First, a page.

Gong meditation, which may also be called a gong bath, is a type of meditation in which you can focus on the sounds of a gong or gongs. You can lie on your back on a yoga mat or towel, close your eyes, and try to relax. 

Science has shown that certain types of meditative music (such as the vibrations of the gongs) can be associated with less overall anxiety disorder-related symptoms in the test group(s).

Meditation apps

Meditation apps can be a resource for mindfulness on the go. Recent research is still ongoing, but a study referenced by Berkeley University has found that regular use of popular meditation apps for meditation can be associated with more positive outcomes. 

Pranayama meditation

Pranayama isn't generally designated as meditation itself, but it is a commonly used as a preparation for meditation for many. The practice consists of focusing the mind through controlled breathing. 

Pranayama strategies have been scientifically suggested as a potential supportive strategy for those with anxiety disorder and depression in recent studies.

Qigong meditation

Qigong meditation is closely associated with the martial arts. The practice typically consists of dynamic movements done in a meditative way, which may cause you to focus on specific movements and mindfulness instead of anxiety disorder-related symptoms. 

You can also practice qigong by sitting or standing with no movement at all. There is current scientific support across a number of studies that shows qigong’s effectiveness as a supportive strategy for those living with anxiety disorder, showing improvement in test groups. 

Contemplative prayer

This may look different across religions and users. However, contemplative prayer may involve repeating sacred words while focusing on devotion to a higher power.

There is currently scientific support showing that contemplative prayer across quantitative studies was correlated with lower overall symptoms of anxiety disorder. However, many researchers have stated there is more research to be done, as those with anxiety disorder may turn to prayer more frequently when anxious as a personal coping mechanism. 

Body scans

For many, the purpose of a body scan is to relax your body and bring you to a more mindful state. 

The meditative process looks different for everyone. You may choose to start with quiet instrumental music, sat or stood in a comfortable position. You may then be requested to feel or focus on each part of your body, separately relaxing it as much as possible. 

This form of mindfulness has been suggested to be effective in reducing anxiety disorder-related symptoms when done both in-person and virtually, with a group leader. 

Binaural beats

In this form of meditative practice, two different frequencies of beats may be played into a patient's ears. 

As the brain attempts to reconcile the beats, you may move to a state of mindfulness and directed focus, which can reduce the rumination-based thinking associated with anxiety disorder symptoms for many. Scientific studies suggest that binaural beats in the delta/theta range may be an effective support strategy for those with anxiety disorder.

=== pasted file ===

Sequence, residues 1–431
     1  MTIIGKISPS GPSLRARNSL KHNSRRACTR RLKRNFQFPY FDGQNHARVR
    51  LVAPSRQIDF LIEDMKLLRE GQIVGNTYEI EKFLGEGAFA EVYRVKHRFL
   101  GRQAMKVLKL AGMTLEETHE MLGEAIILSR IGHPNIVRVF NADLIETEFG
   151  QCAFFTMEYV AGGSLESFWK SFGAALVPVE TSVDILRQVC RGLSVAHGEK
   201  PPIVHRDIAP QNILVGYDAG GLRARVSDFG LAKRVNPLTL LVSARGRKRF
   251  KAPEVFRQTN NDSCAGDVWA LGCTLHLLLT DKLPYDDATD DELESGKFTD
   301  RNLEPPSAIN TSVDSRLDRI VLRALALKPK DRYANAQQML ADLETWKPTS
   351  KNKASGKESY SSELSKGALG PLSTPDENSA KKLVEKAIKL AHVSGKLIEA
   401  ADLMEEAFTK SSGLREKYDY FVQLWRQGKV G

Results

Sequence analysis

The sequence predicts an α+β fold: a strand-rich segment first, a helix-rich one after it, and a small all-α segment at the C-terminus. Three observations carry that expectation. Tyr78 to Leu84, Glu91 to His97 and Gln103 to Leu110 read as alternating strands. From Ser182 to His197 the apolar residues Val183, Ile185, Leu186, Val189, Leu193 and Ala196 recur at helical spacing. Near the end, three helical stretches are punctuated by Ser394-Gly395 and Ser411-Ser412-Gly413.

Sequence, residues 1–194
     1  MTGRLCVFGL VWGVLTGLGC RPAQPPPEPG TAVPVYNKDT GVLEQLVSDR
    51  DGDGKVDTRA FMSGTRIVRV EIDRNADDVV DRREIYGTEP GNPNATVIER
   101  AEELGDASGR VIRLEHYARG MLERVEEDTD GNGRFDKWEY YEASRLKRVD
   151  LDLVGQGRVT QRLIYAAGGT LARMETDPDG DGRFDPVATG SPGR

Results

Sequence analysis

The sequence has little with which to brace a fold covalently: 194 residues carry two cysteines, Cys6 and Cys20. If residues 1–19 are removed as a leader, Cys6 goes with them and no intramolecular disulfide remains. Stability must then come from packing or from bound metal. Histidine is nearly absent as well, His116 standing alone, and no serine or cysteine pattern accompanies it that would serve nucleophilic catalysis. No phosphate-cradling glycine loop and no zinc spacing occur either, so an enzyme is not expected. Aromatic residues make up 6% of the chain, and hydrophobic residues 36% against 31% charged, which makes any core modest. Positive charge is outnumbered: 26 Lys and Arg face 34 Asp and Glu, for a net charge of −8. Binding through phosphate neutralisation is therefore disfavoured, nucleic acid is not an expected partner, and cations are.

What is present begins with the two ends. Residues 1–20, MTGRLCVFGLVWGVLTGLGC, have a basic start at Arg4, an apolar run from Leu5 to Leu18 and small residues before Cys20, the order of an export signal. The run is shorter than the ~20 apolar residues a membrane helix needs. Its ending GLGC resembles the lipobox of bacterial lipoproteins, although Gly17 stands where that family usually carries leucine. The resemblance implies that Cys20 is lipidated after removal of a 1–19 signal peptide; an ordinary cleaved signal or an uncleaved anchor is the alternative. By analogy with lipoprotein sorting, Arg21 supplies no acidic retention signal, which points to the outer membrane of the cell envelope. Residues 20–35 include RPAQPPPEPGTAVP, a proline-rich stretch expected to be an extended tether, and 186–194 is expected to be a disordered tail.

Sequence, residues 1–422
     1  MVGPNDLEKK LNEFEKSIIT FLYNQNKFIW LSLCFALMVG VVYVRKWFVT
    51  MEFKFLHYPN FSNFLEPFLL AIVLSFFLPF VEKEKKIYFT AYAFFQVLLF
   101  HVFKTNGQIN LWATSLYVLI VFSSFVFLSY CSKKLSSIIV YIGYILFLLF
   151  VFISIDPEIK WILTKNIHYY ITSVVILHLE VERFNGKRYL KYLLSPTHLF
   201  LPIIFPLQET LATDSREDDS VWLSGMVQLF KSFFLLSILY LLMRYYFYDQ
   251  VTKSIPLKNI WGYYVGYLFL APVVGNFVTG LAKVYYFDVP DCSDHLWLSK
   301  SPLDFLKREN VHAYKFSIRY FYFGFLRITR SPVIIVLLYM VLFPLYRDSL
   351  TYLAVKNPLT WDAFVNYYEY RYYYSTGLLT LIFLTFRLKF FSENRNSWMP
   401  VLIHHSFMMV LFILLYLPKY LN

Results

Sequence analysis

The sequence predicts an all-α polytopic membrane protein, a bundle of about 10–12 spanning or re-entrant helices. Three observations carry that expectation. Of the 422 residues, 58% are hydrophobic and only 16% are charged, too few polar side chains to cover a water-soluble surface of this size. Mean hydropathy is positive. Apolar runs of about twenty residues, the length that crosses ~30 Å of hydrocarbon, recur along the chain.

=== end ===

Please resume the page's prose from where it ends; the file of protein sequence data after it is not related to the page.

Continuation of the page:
Guided imagery

One type of guided meditation for anxiety can be use of guided imagery. 

For many, the goal of guided imagery is to reach a higher level of relaxation. When you meditate using guided imagery, a teacher or counselor may guide you in imagining and visualizing a scene, object, person, or journey to create a more positive emotional experience and redirect your focus. You may also choose to guide yourself. 

Scientific research has suggested that guided imagery is an effective strategy for those with anxiety disorder, and can be most effective when done with nature-based prompts.

Living with anxiety disorder?

How can online therapy help those with anxiety disorder? 

Individuals with anxiety disorder may experience feelings of overwhelm in new or unfamiliar environments, such as a new therapeutic setting or clinician’s office. This may be a possible barrier to treatment, limiting the potential quality of life that those with anxiety disorder can experience. However, online therapy may be a more suitable option, allowing patients who live with anxiety disorder to participate from a comfortable and known location. They may also use in-app messaging to directly connect with a therapist for additional support, should they need it. 

Is online therapy effective for anxiety disorder? 

Online therapy for anxiety disorders, such as psychotherapy or CBT, has been scientifically suggested to be comparably effective to in-person therapy for those who live with anxiety disorders. In a recent study published in Depression and Anxiety, a systemic literature review consistently showed comparable results between either treatment modality, highlighting improvements in the treated groups across twenty or more previous studies. 

Takeaway

Anxiety disorder symptoms may feel overwhelming to those who experience anxiety disorder. However, different forms of meditation have been scientifically studied and suggested as possible mitigation strategies for a higher overall quality of life. Online therapy can also be effective in addressing the symptoms of anxiety disorder for many.

Regulate anxiety in a compassionate environment

The information on this page is not intended to be a substitution for diagnosis, treatment, or informed professional advice. You should not take any action or avoid taking any action without consulting with a qualified mental health professional. For more information, please read our terms of use.